Revolution ’67: Revisiting Stories of Discontent

Revolution ’67 explores theories new and old about the “summer of discontent” in Newark. The civil disturbance took the lives of 26 individuals and caused millions of dollars in property damage in the city. The creators of the film, Jerome and Marylou Bongiorno, met to discuss the process of filmmaking and respond to its controversy.


I had the opportunity to speak with Jerome and Marylou Bongiorno yesterday evening about their film Revolution ’67, which has been making headlines in New Jersey for its portrayal of the “summer of discontent” in Newark. The civil disturbance took the lives of 26 individuals and caused millions of dollars in property damage in the city, which recognized the fortieth anniversary of the event last Thursday.

The interview is about 31 minutes. Press the play button below to listen.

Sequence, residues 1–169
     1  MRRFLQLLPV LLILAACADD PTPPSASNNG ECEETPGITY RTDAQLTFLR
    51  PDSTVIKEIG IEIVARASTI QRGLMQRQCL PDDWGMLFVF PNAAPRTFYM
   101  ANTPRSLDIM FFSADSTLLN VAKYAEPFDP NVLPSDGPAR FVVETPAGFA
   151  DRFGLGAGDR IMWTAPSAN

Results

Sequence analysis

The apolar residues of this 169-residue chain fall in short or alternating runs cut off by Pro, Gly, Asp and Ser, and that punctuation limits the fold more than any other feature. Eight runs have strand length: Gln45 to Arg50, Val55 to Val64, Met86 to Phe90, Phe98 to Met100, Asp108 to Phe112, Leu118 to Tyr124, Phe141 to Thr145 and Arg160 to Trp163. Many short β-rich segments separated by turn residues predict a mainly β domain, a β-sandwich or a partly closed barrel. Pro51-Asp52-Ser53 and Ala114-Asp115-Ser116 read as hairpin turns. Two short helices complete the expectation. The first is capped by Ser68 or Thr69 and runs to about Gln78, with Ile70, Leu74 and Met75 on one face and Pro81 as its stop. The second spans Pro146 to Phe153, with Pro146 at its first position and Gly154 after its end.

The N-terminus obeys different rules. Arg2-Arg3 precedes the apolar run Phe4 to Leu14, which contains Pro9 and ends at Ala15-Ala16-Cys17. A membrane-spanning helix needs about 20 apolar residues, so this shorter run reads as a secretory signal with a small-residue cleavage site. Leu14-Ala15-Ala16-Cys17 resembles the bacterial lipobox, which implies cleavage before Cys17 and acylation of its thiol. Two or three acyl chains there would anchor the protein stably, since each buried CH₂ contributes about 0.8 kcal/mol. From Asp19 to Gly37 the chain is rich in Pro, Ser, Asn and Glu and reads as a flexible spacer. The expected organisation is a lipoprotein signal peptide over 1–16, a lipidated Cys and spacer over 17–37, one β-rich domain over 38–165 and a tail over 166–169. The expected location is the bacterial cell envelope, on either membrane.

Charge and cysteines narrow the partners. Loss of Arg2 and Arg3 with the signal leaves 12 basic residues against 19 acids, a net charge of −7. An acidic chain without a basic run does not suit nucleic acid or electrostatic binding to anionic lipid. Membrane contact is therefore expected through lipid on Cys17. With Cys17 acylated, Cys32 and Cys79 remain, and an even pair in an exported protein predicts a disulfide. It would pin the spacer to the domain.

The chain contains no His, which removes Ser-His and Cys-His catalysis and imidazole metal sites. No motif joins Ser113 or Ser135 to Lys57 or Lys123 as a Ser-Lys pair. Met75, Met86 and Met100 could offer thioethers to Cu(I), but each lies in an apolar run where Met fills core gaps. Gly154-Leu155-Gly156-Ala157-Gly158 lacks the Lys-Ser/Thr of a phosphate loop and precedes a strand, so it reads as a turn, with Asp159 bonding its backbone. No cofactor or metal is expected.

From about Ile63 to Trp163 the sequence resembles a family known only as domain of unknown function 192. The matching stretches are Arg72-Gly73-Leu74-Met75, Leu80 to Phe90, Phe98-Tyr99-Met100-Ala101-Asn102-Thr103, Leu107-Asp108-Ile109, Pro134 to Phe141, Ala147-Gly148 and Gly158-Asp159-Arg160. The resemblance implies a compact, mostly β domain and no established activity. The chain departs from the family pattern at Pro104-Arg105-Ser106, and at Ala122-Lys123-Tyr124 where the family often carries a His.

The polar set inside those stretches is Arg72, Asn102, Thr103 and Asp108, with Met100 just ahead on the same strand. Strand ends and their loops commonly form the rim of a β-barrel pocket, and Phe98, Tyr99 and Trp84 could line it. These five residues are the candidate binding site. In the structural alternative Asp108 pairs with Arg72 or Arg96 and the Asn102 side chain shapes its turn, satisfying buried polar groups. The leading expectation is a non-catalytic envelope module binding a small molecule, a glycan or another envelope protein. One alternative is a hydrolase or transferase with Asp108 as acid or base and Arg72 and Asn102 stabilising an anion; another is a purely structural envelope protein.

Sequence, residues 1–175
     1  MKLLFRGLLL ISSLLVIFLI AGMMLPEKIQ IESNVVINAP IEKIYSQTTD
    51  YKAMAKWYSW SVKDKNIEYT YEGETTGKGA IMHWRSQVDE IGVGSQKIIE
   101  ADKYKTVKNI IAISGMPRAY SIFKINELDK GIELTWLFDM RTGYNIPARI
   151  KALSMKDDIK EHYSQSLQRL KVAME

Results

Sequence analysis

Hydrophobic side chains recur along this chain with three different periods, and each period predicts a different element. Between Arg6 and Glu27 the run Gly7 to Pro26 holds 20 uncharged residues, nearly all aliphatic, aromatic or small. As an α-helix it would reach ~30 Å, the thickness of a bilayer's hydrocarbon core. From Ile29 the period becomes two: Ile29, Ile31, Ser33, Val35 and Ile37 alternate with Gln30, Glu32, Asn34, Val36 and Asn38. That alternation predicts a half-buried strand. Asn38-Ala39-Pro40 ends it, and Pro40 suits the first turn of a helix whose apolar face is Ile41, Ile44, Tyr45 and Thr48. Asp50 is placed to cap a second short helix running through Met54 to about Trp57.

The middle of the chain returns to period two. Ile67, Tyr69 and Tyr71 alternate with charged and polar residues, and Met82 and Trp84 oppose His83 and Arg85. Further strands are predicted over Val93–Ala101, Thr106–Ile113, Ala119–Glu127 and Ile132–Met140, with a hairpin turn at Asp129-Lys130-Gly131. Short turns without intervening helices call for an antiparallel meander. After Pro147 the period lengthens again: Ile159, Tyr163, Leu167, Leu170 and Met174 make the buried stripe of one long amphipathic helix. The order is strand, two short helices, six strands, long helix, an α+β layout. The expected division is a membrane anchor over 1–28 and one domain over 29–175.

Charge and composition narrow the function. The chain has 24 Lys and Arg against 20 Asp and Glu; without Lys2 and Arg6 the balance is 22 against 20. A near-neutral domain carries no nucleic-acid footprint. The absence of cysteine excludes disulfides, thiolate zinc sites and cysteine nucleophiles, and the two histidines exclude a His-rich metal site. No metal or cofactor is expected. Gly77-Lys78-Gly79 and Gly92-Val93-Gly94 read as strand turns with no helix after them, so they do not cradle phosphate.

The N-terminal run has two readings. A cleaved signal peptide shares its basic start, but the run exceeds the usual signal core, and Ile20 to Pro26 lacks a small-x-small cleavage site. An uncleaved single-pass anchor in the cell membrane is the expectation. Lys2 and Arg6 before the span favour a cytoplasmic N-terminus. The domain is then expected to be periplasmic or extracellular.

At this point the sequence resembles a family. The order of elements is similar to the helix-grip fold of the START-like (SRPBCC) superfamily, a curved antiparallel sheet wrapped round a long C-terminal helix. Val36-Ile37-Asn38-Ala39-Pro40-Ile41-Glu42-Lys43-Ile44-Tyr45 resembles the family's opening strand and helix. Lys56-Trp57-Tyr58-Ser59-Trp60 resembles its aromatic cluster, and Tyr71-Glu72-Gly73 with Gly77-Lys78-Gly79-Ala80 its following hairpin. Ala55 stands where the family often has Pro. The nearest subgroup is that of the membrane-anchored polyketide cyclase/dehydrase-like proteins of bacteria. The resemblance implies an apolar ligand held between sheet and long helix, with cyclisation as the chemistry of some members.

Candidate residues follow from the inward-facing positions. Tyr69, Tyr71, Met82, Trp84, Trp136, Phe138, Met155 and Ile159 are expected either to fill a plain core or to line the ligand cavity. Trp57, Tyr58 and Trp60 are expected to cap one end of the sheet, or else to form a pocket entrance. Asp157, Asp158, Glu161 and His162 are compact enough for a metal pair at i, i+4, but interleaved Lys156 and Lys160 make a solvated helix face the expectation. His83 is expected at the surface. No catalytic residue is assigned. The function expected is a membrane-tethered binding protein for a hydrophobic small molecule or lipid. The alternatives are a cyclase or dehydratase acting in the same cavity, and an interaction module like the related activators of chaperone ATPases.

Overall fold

[audio:http://dailynewarker.com/wp-content/uploads/2007/07/tdn-bongiorno-0707162.mp3%5D

On the podcast, we discussed:

  • how they became interested in making the film
  • perceptions of Newark today
  • why it’s hard to find accessible material about the civil disturbance
  • raising the dialog about poverty, classism and racism to a national discussion
  • recent criticism about the film
  • issues that prevent government from stepping in and dealing with poverty and the “elephant in the room”
  • next steps: festival circuit and Europe run
  • BONUS question from Jerome: why I started the Daily Newarker 😉

Author: Ken Walker

Husband, Father, Analyst. In a glass case of emotion since 1978.

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